The majority of Thai people are Buddhist and with over 29,000 temples throughout the country, all males are expected to become novice monks at some period of their lives. Boys can ordain as novices at any age but need to be at least 20 years of age if they wish to become a full monk.
The main difference is that a novice has fewer precepts to follow, although one additional rule means they can’t own or handle money making them dependant on the temple and local community.
The ordination of some Baan Gerda children as novice monks (samanen) is now an annual event. This year, 11 boys shaved their heads and eyebrows and donned the familiar saffron robes for a 10 day stay at a local temple. For some of the children it was their second or third time. In the video, Don Mai and Dtee talk about their experiences.
When filming first started on Living with the Tiger 3 years ago, our intention was to record the music lessons that Bruce Gaston had started. Now, it has become a significant project and given us the opportunity to deal with the stigma that confronts the children.
Although attitudes are slowly changing, there is much that still needs to be done if they are going to be able to live in society as normal. The film shows the contrasting attitudes that exist and the need for more awareness and education if progress is going to be made. We hope the film will contribute to overcoming these problems and provide a better future for the children.
Now that the film has been completed it will be submitted to festivals with the aim of finding TV distribution. Most importantly, it needs to find an audience that does not know about Baan Gerda and have no connection with HIV.
If you would like to play a part in supporting this venture you can visit the website. By making a small donation, you can get a limited version of the festival DVD which will help fund the promotion and outreach programme. Alternatively, spread the word amongst your friends, groups and online networks who you think might be interested.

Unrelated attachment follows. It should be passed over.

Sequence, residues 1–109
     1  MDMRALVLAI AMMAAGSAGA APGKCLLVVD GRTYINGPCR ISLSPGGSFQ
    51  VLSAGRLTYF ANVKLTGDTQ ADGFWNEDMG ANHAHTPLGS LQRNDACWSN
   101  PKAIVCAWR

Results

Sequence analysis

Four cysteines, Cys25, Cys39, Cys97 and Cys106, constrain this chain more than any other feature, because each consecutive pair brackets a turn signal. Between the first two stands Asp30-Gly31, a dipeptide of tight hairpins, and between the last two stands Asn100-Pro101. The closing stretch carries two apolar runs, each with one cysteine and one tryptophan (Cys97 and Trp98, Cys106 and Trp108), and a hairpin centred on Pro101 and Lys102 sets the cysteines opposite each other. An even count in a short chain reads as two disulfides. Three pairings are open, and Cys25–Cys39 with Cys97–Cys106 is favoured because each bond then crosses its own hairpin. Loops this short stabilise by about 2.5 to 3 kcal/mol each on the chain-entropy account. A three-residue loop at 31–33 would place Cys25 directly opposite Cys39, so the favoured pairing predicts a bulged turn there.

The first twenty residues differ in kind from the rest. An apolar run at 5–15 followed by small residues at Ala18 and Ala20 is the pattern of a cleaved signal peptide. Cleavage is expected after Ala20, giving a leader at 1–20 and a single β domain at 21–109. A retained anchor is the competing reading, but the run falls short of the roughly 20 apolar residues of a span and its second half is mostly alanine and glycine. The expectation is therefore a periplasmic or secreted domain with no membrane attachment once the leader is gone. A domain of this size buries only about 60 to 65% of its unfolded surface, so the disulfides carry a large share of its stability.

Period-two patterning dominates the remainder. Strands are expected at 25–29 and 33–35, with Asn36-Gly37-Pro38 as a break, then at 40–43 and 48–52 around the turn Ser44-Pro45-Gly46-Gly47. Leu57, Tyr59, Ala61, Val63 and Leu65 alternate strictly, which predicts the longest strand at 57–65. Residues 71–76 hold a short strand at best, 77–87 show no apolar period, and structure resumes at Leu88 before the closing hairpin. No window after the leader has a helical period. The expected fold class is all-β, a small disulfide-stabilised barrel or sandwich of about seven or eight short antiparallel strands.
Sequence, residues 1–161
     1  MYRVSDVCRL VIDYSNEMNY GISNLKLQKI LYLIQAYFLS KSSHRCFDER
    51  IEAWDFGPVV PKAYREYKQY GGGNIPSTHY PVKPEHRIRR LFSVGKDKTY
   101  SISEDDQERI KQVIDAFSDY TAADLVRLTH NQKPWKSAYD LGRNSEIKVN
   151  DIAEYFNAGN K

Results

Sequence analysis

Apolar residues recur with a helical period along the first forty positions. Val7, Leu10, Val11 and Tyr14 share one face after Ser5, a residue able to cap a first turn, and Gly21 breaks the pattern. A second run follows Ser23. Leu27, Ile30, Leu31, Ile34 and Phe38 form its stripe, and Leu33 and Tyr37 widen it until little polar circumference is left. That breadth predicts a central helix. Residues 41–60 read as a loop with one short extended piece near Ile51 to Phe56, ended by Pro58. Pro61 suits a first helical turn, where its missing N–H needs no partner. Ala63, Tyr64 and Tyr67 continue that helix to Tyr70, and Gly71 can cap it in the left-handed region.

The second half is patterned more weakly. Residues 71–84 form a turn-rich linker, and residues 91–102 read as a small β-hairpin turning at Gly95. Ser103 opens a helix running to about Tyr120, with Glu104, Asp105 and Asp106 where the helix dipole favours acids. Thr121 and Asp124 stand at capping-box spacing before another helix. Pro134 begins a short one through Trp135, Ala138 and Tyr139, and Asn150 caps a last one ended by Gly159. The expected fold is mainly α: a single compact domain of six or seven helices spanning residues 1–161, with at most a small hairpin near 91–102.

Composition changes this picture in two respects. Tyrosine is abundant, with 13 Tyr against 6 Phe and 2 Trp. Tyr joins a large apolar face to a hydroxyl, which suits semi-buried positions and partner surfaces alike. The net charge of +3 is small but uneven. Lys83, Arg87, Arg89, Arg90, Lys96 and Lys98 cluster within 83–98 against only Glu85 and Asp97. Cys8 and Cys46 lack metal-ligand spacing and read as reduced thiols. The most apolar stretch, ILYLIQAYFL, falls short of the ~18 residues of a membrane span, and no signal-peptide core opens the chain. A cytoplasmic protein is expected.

According to The World Meteorological Organisation, Bangkok is the hottest city in the world year round. It begs the question; “why would anyone want to take part in a fun run?”
Readers may be surprised to learn that there are many running clubs in Thailand, and if you take a look at any of the large parks in Bangkok you will see scores of people running at dusk and dawn.
The key is to avoid running under the brutal tropical sunshine, hence the timing of The Midnight Run. The event is now in it’s 11th year and continues to grow in popularity. More than 4,000 people took part in the latest run, including 15 children from BaanGerda.
The children were very motivated and trained regularly at BaanGerda for the pre-ceding 3 months. They were determined to show their worth and not just `make up the numbers’. All of them managed to complete the run and some posted very respectable times. In fact, three of them would have had considerably better times if they hadn’t accidentally run the longer course!
There is a big difference when you look upon Bangkok’s city streets at night from the perspective of a thirsty runner rather than sitting in an air conditioned car…
What started as an activity initiated by a group of enthusiastic runners has developed into a serious sports challenge. For many years now, the management of Amari Watergate Hotel in Bangkok have organised the annual ‘Midnight Run’ along the streets of the city centre. In the beginning, the number of people participating was a humble handful of enthusiasts. However, the tradition soon developed and last year as many as 3000 started the race and almost an equal number managed to complete it. Participants can choose between distances of six and twelve km.
This year the race is on October 11th and the organizers are expecting more than 4000 runners.
BMW Thailand is the main sponsor of the event and many other companies take the opportunity to show their commitment and help make the event possible. Numerous attractive prices are donated for a tombola after the race.
As in previous years, proceeds from the event will go to help HIV-infected children in a royal project and also to BaanGerda. Last year, a few of our children attended the preparation for the midnight event and it left a lasting impression. This year they want to actively participate and insist that the Midnight Run is not only for adults.
For many months they have been preparing under the watchful eye of BaanGerda staff. They can’t wait to go to Bangkok on October 11th. Take a look at the video to see their unusual training methods…